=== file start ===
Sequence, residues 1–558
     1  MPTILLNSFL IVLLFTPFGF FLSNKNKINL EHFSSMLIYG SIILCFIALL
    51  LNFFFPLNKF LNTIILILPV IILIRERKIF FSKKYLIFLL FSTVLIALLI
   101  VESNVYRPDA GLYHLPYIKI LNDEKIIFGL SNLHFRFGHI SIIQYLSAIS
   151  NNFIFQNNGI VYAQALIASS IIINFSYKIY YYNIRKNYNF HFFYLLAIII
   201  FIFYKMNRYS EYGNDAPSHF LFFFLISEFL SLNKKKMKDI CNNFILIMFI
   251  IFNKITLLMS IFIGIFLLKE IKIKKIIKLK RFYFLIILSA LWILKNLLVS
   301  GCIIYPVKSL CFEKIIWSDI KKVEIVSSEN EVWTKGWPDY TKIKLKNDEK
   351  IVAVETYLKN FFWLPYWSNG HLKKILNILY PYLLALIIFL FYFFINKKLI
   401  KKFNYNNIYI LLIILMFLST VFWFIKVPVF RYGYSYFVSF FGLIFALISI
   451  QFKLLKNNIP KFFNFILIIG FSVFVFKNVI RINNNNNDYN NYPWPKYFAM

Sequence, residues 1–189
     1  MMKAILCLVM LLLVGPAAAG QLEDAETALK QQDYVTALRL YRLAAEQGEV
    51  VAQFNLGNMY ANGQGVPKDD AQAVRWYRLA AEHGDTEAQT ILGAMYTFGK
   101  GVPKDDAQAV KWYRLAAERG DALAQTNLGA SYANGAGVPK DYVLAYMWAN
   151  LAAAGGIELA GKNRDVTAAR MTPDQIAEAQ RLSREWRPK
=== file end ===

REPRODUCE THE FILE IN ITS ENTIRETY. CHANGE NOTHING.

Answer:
Sequence, residues 1–558
     1  MPTILLNSFL IVLLFTPFGF FLSNKNKINL EHFSSMLIYG SIILCFIALL
    51  LNFFFPLNKF LNTIILILPV IILIRERKIF FSKKYLIFLL FSTVLIALLI
   101  VESNVYRPDA GLYHLPYIKI LNDEKIIFGL SNLHFRFGHI SIIQYLSAIS
   151  NNFIFQNNGI VYAQALIASS IIINFSYKIY YYNIRKNYNF HFFYLLAIII
   201  FIFYKMNRYS EYGNDAPSHF LFFFLISEFL SLNKKKMKDI CNNFILIMFI
   251  IFNKITLLMS IFIGIFLLKE IKIKKIIKLK RFYFLIILSA LWILKNLLVS
   301  GCIIYPVKSL CFEKIIWSDI KKVEIVSSEN EVWTKGWPDY TKIKLKNDEK
   351  IVAVETYLKN FFWLPYWSNG HLKKILNILY PYLLALIIFL FYFFINKKLI
   401  KKFNYNNIYI LLIILMFLST VFWFIKVPVF RYGYSYFVSF FGLIFALISI
   451  QFKLLKNNIP KFFNFILIIG FSVFVFKNVI RINNNNNDYN NYPWPKYFAM

Sequence, residues 1–189
     1  MMKAILCLVM LLLVGPAAAG QLEDAETALK QQDYVTALRL YRLAAEQGEV
    51  VAQFNLGNMY ANGQGVPKDD AQAVRWYRLA AEHGDTEAQT ILGAMYTFGK
   101  GVPKDDAQAV KWYRLAAERG DALAQTNLGA SYANGAGVPK DYVLAYMWAN
   151  LAAAGGIELA GKNRDVTAAR MTPDQIAEAQ RLSREWRPK